This is something that the original Condemned seemed to understand better than the sequel. Combat was notably the biggest improvement with more finishing moves and combos being added in to the roster of ways for Ethan to dispose of enemies, which were also far more interesting and varied than before. The added amount of guns and combo multipliers rubbed many fans of the original the wrong way however, as it made the combat, much like the story, seems like it was trying to do too many things at once, never really spending enough time with any one idea to see it fully fleshed out. This isn’t terribly uncommon of sequels to games, but unfortunately it was such a pervasive issue in Condemned 2 that it made many fans of the first found themselves disappointed by the end of the game despite its various improvements and the game was probably too divisive for Monolith to continue work on the franchise, as they ended up getting back to work on their FEAR series that was gaining more popularity at the time and selling better than condemned games.
Another element that could have been handled better, or perhaps not at all, was the multiplayer in Condemned 2. Surely this is not a mode that many, if any, were asking for after playing the first game, and one can’t help but wonder how much better off and perhaps more focused the second game could have been if portions of the team’s time and attention wasn’t squandered on a pointless multiplayer for a game series that just didn’t need it.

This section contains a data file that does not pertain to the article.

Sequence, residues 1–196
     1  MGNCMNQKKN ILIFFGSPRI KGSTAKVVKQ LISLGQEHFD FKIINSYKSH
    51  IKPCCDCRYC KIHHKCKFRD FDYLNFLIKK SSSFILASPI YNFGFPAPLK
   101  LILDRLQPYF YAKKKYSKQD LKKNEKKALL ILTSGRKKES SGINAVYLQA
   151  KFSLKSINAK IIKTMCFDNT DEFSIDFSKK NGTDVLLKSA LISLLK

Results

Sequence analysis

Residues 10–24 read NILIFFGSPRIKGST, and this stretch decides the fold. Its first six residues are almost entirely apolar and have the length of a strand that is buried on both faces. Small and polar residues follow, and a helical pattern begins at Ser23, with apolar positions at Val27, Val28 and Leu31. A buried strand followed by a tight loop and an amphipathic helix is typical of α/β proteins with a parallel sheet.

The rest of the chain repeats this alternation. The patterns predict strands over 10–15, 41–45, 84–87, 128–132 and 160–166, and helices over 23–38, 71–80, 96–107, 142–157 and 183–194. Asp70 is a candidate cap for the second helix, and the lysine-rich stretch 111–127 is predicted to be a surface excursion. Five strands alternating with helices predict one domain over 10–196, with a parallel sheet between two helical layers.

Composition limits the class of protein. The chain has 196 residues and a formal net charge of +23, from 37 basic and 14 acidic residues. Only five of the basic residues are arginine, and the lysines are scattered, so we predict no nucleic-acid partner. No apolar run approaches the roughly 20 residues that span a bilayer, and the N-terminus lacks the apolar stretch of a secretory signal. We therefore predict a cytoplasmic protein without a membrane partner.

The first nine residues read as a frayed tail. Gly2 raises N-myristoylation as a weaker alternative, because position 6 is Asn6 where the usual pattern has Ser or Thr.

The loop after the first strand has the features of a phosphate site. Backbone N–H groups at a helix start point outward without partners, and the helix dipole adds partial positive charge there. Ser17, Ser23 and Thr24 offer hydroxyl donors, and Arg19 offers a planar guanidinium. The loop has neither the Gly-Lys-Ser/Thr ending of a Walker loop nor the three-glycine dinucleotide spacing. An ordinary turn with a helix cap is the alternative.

So with all of that said, for Condemned, it probably just came down to the power of the mighty dollar. Supposedly, Condemned 2 did indeed sell well under what the publishers wanted, so, while we could go back and forth on the pros and cons of the second game all day, if a game franchise no longer makes fiscal sense to allocate funds and resources to, it mostly likely won’t happen. Especially in today’s development environment where so many careers and investment dollars are on the line with nearly every mainstream release. However, with the rise of more than capable indy studios showing the Triple-A folks up on many of their expensive projects, with games that look and play great but cost a fraction to make, perhaps we could see a bright future for the series. Jace Hall of Monolith has said as much in a tweet from a few years ago where he mentions that he does still own the Condemned franchise in its entirety and has been entertaining the idea of looking into finding a small team he trusts to take it on. This was back in 2015 so if he did follow through on that idea, perhaps we’re not as far away from a third stab at the franchise as we might think. Maybe, like an insane pipe-wielding psychopath, a third condemned game is lurking just around the corner.